Lloyds bigs up the Co-op

 
Lloyds logo

With 1,000 branches, 10% of all branches of UK banks, and 7% of the current account market, the enlarged Co-op should represent serious new competition to the giants of British banking.

And for the Co-op, it looks like an amazingly good deal. It is paying a maximum of £750m for 632 branches and for capital that Lloyds is bestowing on the business of £1.5bn - which means there will be a loss on the transaction of up to £750m for Lloyds.

What the Co-op will be getting is a very solid bank: £24bn of mortgages, matched to the tune of 98% by highly desirable retail deposits.

Lloyds is also underwriting the fundraising by the Co-op (the sale of perpetual subordinated debt, since you asked) to pay for the down payment of £400m. So, in effect, Lloyds is lending the Co-op the purchase price.

The Co-op's bank will operate off Lloyds' IT systems, and Lloyds is providing the senior management of the Co-op's enlarged bank.

It is hard to think of any deal in which the seller has provided quite so much help to the buyer. This transaction would be the equivalent of you selling me your house for half its value, in return for an IOU from me, whose value you would be guaranteeing - and you would be throwing in all the furniture and all your possessions (and much of your family) for nothing.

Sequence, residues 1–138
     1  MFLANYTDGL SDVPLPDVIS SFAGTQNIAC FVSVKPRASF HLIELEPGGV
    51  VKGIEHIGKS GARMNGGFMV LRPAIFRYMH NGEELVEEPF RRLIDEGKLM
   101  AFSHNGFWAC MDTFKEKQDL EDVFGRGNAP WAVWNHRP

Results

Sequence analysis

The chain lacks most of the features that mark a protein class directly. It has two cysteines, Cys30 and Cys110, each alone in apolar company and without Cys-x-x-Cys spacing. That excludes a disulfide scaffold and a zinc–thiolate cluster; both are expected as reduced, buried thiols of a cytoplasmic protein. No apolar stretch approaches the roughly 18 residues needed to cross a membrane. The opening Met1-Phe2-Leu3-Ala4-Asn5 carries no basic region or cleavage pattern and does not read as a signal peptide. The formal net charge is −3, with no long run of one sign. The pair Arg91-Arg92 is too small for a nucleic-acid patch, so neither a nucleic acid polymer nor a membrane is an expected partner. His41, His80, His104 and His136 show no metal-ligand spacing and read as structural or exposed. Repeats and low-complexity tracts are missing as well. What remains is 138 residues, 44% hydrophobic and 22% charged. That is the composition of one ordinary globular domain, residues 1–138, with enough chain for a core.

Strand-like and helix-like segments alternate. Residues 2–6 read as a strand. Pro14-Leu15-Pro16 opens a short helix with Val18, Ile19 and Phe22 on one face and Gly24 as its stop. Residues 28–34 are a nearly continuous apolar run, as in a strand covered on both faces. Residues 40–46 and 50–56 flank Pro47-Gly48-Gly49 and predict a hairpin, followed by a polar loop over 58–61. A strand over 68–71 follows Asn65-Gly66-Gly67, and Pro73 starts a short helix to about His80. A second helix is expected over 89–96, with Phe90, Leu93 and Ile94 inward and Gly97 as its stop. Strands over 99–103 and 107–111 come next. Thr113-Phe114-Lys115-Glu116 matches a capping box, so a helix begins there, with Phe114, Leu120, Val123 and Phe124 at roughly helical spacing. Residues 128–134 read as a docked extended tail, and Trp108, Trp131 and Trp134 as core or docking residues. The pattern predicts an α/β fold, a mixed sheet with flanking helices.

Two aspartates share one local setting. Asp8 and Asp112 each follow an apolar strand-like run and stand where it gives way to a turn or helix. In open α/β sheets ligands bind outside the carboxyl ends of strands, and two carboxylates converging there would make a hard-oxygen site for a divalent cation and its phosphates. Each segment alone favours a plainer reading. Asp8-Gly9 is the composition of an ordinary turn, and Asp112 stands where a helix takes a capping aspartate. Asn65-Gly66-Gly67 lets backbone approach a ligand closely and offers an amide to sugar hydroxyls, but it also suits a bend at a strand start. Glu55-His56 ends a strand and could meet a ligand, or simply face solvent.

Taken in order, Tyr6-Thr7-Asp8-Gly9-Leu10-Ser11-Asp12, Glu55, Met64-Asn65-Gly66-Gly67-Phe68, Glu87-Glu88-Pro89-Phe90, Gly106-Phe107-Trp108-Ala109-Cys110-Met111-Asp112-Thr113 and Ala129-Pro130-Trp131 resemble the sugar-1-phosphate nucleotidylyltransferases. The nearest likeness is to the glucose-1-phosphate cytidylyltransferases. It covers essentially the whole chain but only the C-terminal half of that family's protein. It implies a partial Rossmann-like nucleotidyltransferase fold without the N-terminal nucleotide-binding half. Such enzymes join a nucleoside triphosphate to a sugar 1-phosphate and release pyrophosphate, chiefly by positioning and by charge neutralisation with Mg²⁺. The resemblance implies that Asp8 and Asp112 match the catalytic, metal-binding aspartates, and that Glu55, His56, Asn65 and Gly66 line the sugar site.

But Lloyds had no choice. It was forced by European regulators to make the divestment. And it felt there was no better deal on offer (and as a semi-nationalised bank, Lloyds' management took some comfort from the chancellor's enthusiasm for bigging up the Co-op)

There is one other thing that the Co-op is getting, and that is the TSB brand. For a few years, the branches being sold by Lloyds will be rebranded as TSB, which is one of the few banking names untainted by the financial and ethical disasters of recent times.

The idea of the rebranding is to deter 4.8 million Lloyds customers, who are being asked to transfer to the Co-op, not to leave in droves: an attempt will be made to reassure all of them that they would be leaving Lloyds for a bank, that if anything, is at least as strong as Lloyds (which may not be that hard, given all the financial, managerial and IT help that Lloyds is handing over).

 
Robert Peston Article written by Robert Peston Robert Peston Economics editor

The UK's current-account Achilles' heel

Why it is a concern that the UK has a record current-account deficit at a time when demand for exports and economic growth are set to fall

Read full article

More on This Story

Comments

This entry is now closed for comments

Jump to comments pagination
 
 

Comments 5 of 194

 

Features

BBC © 2014 The BBC is not responsible for the content of external sites. Read more.

This page is best viewed in an up-to-date web browser with style sheets (CSS) enabled. While you will be able to view the content of this page in your current browser, you will not be able to get the full visual experience. Please consider upgrading your browser software or enabling style sheets (CSS) if you are able to do so.